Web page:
The Families of this venture are (in alphabetical order): Brown Brothers, Campbells, d’Arenberg, De Bortoli, Henschke, Howard Park, Jim Barry, McWilliam’s, Tahbilk, Taylors, Tyrrell’s and Yalumba. Together, the Families represent 17 wine growing regions across Australia and have more than 1200 years of experience in winemaking and 48 generations of winemakers.
The aim of AFFW is to showcase a representative and diverse range of the best of Australian wines, working to engage consumers, retailers, restaurateurs and the wine industry across the globe. Most importantly, it aims to highlight the real character and personality of top quality Australian wine, and about the unique characters and personalities behind it.
Membership is not restricted to the existing 12 wineries, and other wineries with similar aims and histories would be welcome to join provided they satisfy various criteria. These are: being family controlled (in a legal sense); having history of at least two (preferably three) generations involved in the business; the ability to offer a tasting of at least 20 vintages of one or more iconic brands; ownership of established vineyards more than 50 years old and/or distinguished sites that exemplify the best of terroir; a commitment to environmental best practice in vineyards, wineries and packaging; and long-term commitment to export markets. There are one or two other requirements as well.
In Melbourne last night AFFW had a dinner on the 89th Level of Eureka Tower to celebrate its first birthday, preceded by the launch of Heart & Soul, a brilliantly researched, written and produced book telling the stories of each of the 12 Families. The author is Graeme Lofts who, contrary to my expectation, was not commissioned by the AFFW to write the book; rather, he conceived the idea of it after attending the inaugural event at the Opera House in Sydney a year ago. Published by John Wiley & Sons Australia, Ltd, its 343 pages are printed in full colour on high-quality paper stock, making the RRP of $39.95 thoroughly justified. The photographs, both contemporary and ancient, constantly enliven the book, which is compelling reading once you open the cover. It is full of anecdotes, insights, tragedies and triumphs, and doesn’t gloss over the occasional period of unhappiness in one or other of the Families. The underlying theme is the ability of these families to pick themselves up off the floor no matter how hard the elements try to defeat them, or financial crises beset them.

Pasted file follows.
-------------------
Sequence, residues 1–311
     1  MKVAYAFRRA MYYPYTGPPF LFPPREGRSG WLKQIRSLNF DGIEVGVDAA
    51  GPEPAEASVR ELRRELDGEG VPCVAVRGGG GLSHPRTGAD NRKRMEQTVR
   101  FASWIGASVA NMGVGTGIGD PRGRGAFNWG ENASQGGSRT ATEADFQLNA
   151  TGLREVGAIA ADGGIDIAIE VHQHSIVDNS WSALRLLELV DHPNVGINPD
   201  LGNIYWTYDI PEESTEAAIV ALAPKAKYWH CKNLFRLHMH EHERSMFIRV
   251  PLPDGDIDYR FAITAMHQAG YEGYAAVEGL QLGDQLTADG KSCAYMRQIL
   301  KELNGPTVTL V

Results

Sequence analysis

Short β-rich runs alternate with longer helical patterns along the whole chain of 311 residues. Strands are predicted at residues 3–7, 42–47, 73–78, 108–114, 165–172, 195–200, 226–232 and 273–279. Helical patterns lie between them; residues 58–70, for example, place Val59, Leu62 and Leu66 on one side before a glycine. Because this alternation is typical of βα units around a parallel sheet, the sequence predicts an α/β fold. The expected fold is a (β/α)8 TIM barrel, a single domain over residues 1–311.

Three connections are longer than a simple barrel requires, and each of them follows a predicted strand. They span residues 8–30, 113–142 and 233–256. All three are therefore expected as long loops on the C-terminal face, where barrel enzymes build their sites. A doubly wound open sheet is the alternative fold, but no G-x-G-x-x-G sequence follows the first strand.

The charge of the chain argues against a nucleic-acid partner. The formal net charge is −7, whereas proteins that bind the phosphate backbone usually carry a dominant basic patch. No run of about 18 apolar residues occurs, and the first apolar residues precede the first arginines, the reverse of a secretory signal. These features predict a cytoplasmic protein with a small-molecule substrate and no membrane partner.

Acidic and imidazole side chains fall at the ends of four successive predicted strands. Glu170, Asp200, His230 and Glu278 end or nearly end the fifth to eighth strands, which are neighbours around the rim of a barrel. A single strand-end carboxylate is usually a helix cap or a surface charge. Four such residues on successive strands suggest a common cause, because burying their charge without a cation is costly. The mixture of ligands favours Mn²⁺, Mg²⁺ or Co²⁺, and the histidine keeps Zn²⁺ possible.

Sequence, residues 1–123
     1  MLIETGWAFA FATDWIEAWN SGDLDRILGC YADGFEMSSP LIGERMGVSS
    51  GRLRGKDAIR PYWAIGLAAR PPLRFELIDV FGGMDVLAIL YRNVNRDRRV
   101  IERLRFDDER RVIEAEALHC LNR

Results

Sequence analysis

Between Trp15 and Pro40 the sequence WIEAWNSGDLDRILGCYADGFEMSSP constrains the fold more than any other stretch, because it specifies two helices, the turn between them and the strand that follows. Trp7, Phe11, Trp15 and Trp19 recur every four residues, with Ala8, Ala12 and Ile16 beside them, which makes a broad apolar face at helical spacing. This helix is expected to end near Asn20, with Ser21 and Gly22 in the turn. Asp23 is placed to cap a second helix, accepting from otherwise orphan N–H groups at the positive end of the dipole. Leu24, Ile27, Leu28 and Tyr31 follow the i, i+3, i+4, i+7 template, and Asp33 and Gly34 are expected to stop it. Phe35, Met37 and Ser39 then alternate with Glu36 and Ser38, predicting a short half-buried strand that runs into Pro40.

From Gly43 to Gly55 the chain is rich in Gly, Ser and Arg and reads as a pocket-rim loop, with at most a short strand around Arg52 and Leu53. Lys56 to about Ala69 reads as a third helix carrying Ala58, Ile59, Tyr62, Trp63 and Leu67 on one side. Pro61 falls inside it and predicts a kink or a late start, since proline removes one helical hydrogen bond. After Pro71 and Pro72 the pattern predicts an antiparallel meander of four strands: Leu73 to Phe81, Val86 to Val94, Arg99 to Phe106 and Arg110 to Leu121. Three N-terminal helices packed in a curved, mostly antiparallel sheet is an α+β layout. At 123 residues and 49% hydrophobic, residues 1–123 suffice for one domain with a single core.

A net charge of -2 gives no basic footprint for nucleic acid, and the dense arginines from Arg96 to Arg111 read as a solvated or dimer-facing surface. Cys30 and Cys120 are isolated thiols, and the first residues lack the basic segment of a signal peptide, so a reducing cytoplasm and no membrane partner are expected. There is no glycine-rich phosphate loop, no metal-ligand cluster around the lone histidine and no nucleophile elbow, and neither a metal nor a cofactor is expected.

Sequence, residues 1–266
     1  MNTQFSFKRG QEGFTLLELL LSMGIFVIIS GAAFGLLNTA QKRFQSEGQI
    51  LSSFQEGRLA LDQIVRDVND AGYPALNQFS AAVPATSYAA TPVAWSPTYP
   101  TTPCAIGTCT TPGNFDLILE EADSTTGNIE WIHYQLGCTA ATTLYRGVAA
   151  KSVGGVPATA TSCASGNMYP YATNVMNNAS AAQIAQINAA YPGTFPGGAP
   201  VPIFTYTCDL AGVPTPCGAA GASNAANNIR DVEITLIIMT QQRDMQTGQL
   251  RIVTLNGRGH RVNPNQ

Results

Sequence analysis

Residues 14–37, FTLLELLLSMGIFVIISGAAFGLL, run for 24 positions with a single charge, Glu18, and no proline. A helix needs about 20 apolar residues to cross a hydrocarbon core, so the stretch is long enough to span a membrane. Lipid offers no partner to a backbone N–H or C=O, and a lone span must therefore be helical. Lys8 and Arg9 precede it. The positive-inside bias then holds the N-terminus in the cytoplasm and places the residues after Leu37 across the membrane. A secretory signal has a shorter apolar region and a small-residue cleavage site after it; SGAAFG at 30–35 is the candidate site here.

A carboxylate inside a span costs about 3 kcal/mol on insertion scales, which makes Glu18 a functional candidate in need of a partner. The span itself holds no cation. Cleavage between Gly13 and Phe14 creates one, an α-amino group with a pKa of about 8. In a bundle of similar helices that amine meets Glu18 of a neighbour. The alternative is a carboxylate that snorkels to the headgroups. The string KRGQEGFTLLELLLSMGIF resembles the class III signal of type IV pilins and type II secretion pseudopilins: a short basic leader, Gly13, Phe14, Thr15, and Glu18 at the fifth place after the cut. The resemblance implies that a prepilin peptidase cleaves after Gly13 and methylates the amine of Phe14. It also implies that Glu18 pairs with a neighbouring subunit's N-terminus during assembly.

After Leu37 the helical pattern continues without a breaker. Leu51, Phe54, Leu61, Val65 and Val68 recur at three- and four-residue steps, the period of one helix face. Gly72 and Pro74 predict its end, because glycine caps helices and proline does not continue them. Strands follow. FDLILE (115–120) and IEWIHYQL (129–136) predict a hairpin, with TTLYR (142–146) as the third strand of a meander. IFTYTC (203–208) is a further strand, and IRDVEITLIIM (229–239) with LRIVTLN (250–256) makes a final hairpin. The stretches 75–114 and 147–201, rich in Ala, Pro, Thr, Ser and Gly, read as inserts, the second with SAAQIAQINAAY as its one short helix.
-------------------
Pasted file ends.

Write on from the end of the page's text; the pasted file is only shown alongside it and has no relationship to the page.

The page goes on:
By virtue of my long friendship with almost all of the members, attending many wine events organised by them over the past 40 years, reading books previously published about them, and some research I undertook for various books I have written, I found some of the incidents quite fascinating, especially those which I had no idea of.
So today I ask questions which are answered in the book, the answers to be posted tomorrow.
Why did the Smith family that founded Yalumba change its name to Hill Smith?
What was Yalumba’s Brandivino?
How many consecutive vintages did Dan Tyrrell make?
Am I related to the Tyrrell family?
Eric Purbrick of Tahbilk came to Australia with qualifications as an accountant, and as a barrister, having been admitted to the Inner Temple in London to practise as a barrister, with an additional Master of Arts Degree. When he enlisted in the Australian Army in 1939, what rank was he given?
Vittorio De Bortoli arrived in Australia in 1924 to start a new life with only a few coins in his pocket. How long was it before his fiancée Giuseppina saved enough money to be able to join Vittorio in Australia?
What was the most notable feature of Vittorio?
I could go on and on, but tomorrow’s answers will hopefully pique your interest.
The book is available through good bookstores.